This column originally appeared in the Morrison County Record
Day of Caring is Astonishing
By Joe Nathan
Wow! That’s perhaps my single strongest reaction to spending the morning of May 8 in Little Falls, watching more than 1,100 high school students and community members clean their community during the ninth annual “Day of Caring.”
The compassion and commitment these people demonstrated is staggering. Remarkable logistics that meant that more than 200 individual homes, parks and other local facilities were cleaned up. Students and adults did this not only in Little Falls, but also in the nearby towns of Flensburg, Randall and Sobieski.
Cathy Adamek, a Little Falls teacher for 39 years and now a school board member, told me, “Part of education is learning how to be a good person. Until you volunteer, you don’t realize how good it feels.” She also pointed out that “You never know when you are going to need help.”
Thousands of dollars of contributions supported the student/adult volunteers.
The day began with a brief assembly, held before students went into the community. Morrison County Sheriff Shawn Larsen told participating students: “You guys inspire me.”
Mayor Greg Zylka praised students and introduced them to two of the senior citizens they would be helping. A senior citizen named Lola told youngsters: “Your parents are so proud of you. What you’re doing means so much to our family, and many others.”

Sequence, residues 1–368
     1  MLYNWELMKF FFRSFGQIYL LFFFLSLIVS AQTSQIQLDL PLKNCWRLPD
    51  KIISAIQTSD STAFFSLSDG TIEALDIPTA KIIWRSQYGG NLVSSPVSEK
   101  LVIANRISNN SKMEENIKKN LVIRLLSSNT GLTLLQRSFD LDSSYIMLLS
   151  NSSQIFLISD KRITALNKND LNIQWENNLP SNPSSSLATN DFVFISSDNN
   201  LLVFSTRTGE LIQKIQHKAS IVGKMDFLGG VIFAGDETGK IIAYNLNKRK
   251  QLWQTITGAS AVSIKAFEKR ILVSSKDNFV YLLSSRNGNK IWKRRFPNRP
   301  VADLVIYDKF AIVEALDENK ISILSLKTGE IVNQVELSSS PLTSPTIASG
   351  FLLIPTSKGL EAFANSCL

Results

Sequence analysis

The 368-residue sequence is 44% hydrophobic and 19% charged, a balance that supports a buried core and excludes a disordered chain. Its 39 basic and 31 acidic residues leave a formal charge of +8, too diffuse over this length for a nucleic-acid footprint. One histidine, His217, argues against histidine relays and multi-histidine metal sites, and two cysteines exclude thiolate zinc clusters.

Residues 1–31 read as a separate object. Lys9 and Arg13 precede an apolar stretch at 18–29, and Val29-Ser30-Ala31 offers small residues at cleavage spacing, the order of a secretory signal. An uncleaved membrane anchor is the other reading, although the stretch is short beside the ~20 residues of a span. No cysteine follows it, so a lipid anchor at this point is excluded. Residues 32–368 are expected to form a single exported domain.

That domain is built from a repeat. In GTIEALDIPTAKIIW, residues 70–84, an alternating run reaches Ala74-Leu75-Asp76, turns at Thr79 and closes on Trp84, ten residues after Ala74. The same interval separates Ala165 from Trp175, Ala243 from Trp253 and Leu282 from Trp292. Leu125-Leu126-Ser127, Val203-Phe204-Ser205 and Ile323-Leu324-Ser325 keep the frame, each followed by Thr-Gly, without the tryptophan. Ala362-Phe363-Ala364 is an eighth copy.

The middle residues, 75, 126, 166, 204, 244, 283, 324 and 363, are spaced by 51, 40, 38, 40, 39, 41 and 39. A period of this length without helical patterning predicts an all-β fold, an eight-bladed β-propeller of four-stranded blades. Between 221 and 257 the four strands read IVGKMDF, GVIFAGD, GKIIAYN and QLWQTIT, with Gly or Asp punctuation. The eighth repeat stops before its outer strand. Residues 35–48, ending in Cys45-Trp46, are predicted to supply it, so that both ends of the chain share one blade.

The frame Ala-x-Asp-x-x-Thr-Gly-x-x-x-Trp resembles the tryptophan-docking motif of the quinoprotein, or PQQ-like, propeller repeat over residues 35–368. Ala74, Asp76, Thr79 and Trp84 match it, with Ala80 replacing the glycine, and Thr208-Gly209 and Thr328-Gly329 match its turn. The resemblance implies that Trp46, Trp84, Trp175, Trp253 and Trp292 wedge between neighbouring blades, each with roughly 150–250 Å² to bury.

Principal Tim Bjorge talking with some of the more than 1100 students
& community members who participated
Later in the day, I met Bunny Tabatt, a former local physical therapist, who was one of the people that the students and community volunteers helped, raking leaves and doing other yard cleanup. She’s now blind.
Tabatt explained, “I’ve never gone through one of these caring days without having tears in my eyes. I’m so grateful.”
Students at Ms. Tabatt’s home
Students were learning those lessons. Jaden Marrow, 14, told me that the community people were “really kind.”
Sam Slettom, 18 and a senior, told me that the day “gives us a chance to give back for everything the community members do for us.”
Meghan Kathrein, another senior told me one of the benefits of the day is the ‘memories we make with our friends.” Some homeowners gave students cupcakes or cookies to say “thanks.”
Students walking to next assignment
Superintendent Stephen Jones praised all the participants, noting “We’re showing the community that this is their school.” He pointed out principal Tim Bjorge brought the idea to Little Falls. Gail Johnson, head of the food service at the high school, told me, “This is my favorite day of the year … people are so helpful and cooperative, including some restaurants that compete with each other.”
Randy Tabatt, a lifelong Little Falls resident who retired after 33 years of teaching, told me as he kindly drove me around to various sites, that “This day helps students learn that giving back is as important as what you do for a living.”
Principal Bjorge led a team of people to observe a somewhat similar event before Little Falls started doing this. He shared a list of almost 100 organizations that contributed in some way to the event. A few of many, many examples
- Palmer Bus company provided, at no cost, eight drivers and eight buses, to take the students to and from various community sites.
- The city of Little Falls picked up the hundreds of bags of trash that the volunteers filled.